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Orioles Prospect Trey Mancini: 'I'm Definitely Capable Of Playing The Outfield'

April 19, 2016
Orioles first base prospect Trey Mancini had a breakout season across two levels in 2015, showing the contact and power ability that enticed the Orioles to draft him in the eighth round out of Notre Dame in 2013. 

After hitting .284/.326/.409 with 10 homers at Single-A Delmarva and High-A Frederick in 2014, Mancini took a step forward last year, hitting .341/.375/.563 with 21 homers and 43 doubles at Frederick and Double-A Bowie. He also helped lead the Baysox to an Eastern League title.

A numbers crunch at Triple-A Norfolk meant Mancini began this year back at Bowie, where he's picked up where left off, hitting .308/.438/.769 with five home runs. Mancini joined Glenn Clark Radio April 12 to discuss his hot start and his future with the Orioles, given that O's first baseman Chris Davis is in the first year of a lucrative seven-year deal.

The Orioles' Christian Walker found himself in a similar situation as Mancini this spring -- as a first base prospect blocked at the big league level. The Orioles transitioned Walker to left field in spring training, and he's continued playing left at Norfolk. Walker had only played first base in the Orioles' organization from the time he was drafted in 2012 to 2015.

Would the Orioles be open to experimenting with a corner outfield spot with Mancini?

"[The Orioles] haven't approached me about playing in the outfield," Mancini said. "I'm a first baseman, at least for now. … I'm definitely capable of playing the outfield, but I'm also going to respect their wishes for me. As of now, I'm just going to go out and play first every day."

Mancini, however, does have some outfield experience in his past. Mancini said that after his freshman year of college, his summer team lost some position players due to injury, forcing his team to play a pitcher at first base and Mancini in left. 

"I really enjoyed it," Mancini said. "I liked it a lot."

For now, Mancini is focusing on what he can control, and that's getting better every day at Bowie. Mancini said he's been seeing a steady diet of changeups and breaking balls, with pitchers shying away from challenging him with fastballs. One of Mancini's goals is identifying sliders more effectively.

"I'm trying to work on my pitch selection," Mancini said. "I'm still aggressive -- I still have the same overall approach as last year, but I also think I can have the tendency to chase a lot of balls out of the zone, especially sliders that maybe start in the zone and then break out. So I've been trying to recognize my pitches better. And I think I have -- I've gone a lot deeper into some counts and just trying to find a pitch that I can drive."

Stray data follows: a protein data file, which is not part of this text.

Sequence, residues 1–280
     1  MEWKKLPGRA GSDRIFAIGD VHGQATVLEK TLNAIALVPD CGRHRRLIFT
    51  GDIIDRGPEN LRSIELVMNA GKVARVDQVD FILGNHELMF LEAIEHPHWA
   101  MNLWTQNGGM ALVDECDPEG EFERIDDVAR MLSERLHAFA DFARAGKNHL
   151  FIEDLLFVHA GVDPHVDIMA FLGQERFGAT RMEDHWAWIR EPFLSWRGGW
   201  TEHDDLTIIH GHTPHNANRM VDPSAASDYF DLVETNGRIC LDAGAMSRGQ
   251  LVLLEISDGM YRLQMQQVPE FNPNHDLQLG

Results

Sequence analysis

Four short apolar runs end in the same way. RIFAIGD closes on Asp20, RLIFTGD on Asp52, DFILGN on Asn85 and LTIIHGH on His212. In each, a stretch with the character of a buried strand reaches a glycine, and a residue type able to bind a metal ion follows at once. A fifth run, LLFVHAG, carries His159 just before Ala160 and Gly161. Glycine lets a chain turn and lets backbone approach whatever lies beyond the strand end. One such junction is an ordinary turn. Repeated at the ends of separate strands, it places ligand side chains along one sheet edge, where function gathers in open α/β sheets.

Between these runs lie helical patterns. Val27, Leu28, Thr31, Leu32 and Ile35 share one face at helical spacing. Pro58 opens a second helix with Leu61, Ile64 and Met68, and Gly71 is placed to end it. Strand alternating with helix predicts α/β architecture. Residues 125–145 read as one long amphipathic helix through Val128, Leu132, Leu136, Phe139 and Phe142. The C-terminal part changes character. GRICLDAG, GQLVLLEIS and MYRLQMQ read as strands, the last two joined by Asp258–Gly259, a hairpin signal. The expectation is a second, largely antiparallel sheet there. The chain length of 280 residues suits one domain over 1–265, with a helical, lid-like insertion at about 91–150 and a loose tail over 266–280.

Mancini's days at Notre Dame overlapped with Pat Connaughton, whose future with the Orioles continues to be murky. Mancini and Connaughton, a right-handed pitcher, played together during the 2012 and 2013 seasons. Connaughton, a two-sport star with the Irish, was drafted by the Orioles during the fourth round of the 2014 draft after his junior year.

Connaughton signed a contract with the Orioles with the intention of returning to South Bend, Ind., for his senior year to play basketball and continuing his baseball career thereafter. However, he had a productive senior year on the hardwood and was drafted by the Brooklyn Nets during the second round of the 2015 NBA Draft before being traded to the Portland Trailblazers. Connaughton, 23, decided to pursue an NBA career and averaged a tick more than four minutes a game during his rookie year.

"I haven't talked to him, but he's been keeping his arm in shape," Mancini said of Connaughton. "I know that he throws a baseball with his dad a pretty good amount whenever he can, so he's definitely got it in the back of his mind. I almost guarantee that he'll be back in an Orioles uniform whenever he's done playing basketball, like I said, and I don't know when that is. That should be Pat's decision, but he's going to be totally, absolutely be capable to come back and play for us."

For more from Mancini, listen to the full interview here: